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New York Times discovers Ron Finley – An Appleseed With Attitude

Ron Finley practices what he preaches at home in Los Angeles. Photo by Emily Berl.

“I want to turn shipping containers into healthy cafes where customers can pick their salad and juice off the trees.”

By David Hochman
New York Times
May 3, 2013


The talk show host Carson Daly, the actress Rashida Jones and the celebrated Danish chef René Redzepi were among hundreds of new admirers issuing shout-outs on Twitter.

Alice Waters stopped by Mr. Finley’s house, Russell Brand put him on his late-night talk show, and corporations like Reebok, Disney, Stihl and Toms Shoes had collaboration ideas. A graduate student asked to write a dissertation about Mr. Finley, who, to his credit, has kept an eyebrow arched over his newfound fame.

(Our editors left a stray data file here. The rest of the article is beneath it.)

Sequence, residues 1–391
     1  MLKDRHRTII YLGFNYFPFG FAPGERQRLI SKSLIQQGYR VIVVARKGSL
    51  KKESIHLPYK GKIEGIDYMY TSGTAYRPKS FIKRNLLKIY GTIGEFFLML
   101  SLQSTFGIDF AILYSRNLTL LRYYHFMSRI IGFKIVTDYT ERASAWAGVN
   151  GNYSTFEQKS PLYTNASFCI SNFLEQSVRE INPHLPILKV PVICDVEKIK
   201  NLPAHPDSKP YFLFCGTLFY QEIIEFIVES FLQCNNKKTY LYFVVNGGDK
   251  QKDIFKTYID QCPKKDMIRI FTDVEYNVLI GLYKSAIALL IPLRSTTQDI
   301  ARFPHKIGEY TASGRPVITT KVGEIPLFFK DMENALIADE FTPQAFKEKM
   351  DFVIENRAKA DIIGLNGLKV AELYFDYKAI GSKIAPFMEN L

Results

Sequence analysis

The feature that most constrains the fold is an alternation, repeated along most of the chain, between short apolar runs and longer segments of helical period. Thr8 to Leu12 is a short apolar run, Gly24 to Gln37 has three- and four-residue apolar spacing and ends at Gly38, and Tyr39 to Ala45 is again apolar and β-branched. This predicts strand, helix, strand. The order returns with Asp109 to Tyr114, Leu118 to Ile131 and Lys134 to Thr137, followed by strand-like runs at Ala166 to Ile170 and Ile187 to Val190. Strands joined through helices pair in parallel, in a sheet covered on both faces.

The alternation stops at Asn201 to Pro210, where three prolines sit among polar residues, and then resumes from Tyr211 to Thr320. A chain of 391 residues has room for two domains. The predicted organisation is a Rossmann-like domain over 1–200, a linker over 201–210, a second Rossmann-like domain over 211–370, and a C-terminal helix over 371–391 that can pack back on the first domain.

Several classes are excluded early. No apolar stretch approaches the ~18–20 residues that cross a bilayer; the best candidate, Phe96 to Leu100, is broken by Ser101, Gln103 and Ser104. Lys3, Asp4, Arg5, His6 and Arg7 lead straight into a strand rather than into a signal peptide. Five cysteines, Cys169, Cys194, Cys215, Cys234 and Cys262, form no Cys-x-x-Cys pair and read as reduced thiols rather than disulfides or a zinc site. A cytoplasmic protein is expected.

“All the attention in the world won’t do my dishes,” he said.

“Ron is compelling, funny and completely authentic in his quest to redefine what’s possible in areas where there’s no nature to be seen,” said Chris Anderson, the TED curator who helped select Mr. Finley as one of 34 speakers discovered during a worldwide talent search that drew thousands of applicants last year. “He takes on the depressing narrative that our inner cities are irretrievably decaying. Watching him fight back rewires your worldview.”

Mr. Finley, who grew up with seven siblings near the intersection of Florence and Normandie Avenues, where the 1992 Los Angeles riots began, aligns more with graffiti artists like Risk and Retna, both friends of Mr. Finley’s, than with English horticulturalists of yore. Neat rows of zucchini are for grandmas. His gardens have spirals, color, fragrance and curves, and, to him, soil is sensuous. “How much more sexy can it get than you eating food that you grew?” Mr. Finley asked.

Read the complete article here.